Minnesota law establishes guidelines for calculating the amount of child support that one parent (the “obligor”) is required to pay to the other parent (the “obligee.”) The amount of support is based on “parental income for determining child support (PICS).” The law states that the parents should split child care costs based on their proportionate share of PICS. It also requires the parents to make arrangements for healthcare coverage for a child.

A Minnesota child support order can take special needs into account in two main ways:

  • Duration: A child support obligation in Minnesota typically ends when a child turns 18, or until they turn 20 if they are still enrolled in high school at that time. A court may extend an obligation past those ages if the child, “by reason of physical or mental condition, is incapable of self-support.”
  • Amount: Minnesota law allows a child support order to deviate from the guideline amount in certain situations, including when a child needs additional support for “extraordinary…physical and emotional condition, and educational needs.”

Effect on Child Custody

A custody order involving a special needs child must give careful attention to each parent’s role and responsibilities towards the child. Visitation schedules must take issues like mobility into account. Provisions regarding decision-making authority must clearly define how the parents should communicate with one another, along with guidelines for dispute resolution procedures in the event that they cannot agree on matters affecting matters like the child’s healthcare or education.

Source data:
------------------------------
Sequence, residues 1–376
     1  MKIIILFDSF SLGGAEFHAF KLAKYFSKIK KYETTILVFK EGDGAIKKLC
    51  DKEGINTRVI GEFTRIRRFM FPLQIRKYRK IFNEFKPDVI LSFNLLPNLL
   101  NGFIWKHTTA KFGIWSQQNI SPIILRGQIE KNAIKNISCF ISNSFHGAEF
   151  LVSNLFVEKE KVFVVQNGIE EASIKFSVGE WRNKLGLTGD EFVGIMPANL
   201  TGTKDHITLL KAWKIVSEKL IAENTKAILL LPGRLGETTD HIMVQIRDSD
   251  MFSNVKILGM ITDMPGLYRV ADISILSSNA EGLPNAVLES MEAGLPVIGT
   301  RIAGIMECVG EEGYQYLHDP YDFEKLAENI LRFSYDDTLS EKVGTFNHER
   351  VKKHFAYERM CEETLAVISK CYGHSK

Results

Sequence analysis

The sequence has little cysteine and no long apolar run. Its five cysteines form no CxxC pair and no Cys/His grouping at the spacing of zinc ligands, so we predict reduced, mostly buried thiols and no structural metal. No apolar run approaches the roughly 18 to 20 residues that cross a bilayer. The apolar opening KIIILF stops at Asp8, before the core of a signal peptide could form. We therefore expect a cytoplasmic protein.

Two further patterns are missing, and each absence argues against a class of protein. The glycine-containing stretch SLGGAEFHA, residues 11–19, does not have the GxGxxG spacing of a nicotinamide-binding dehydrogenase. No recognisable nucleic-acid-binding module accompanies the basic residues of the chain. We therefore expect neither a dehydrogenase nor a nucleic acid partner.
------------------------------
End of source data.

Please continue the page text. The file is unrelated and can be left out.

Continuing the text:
How Can Collaborative Law Procedures Help in a Divorce with a Special Needs Child?

The Collaborative law process can be ideally suited for many families that are going through divorces with special needs children. It is important that both parents and their attorneys think through the best way to preserve services for the child as they emancipate and provide for the needs of the child. Working collaboratively allows the best plan to be created for everyone involved to maximize long-term services and financial resources for the child and family in two homes. The Collaborative team typically includes a mental health professional to help the spouses and children adjust to the reality of divorce. That individual may have experience helping families with special needs children, or they can consult with someone who specializes in guiding special needs families through the divorce process. If you are going through a divorce and have a special needs child, it is important that you are represented by a family law attorney with extensive experience in this area of the law. Louise Livesay is a skilled attorney who is compassionate and down to earth, and she will work hard to effectively address your child's unique needs and make your experience as smooth and seamless as possible.

Family attorney Louise Livesay has helped families in the Twin Cities area resolve disputes involving divorce and other family law matters for over twenty years. She uses Minnesota’s family laws to guide her clients as they transform their relationships and prepare themselves for the next stage of life. If you have questions about Collaborative law or divorce mediation, please contact us today online or at (651) 964-3887.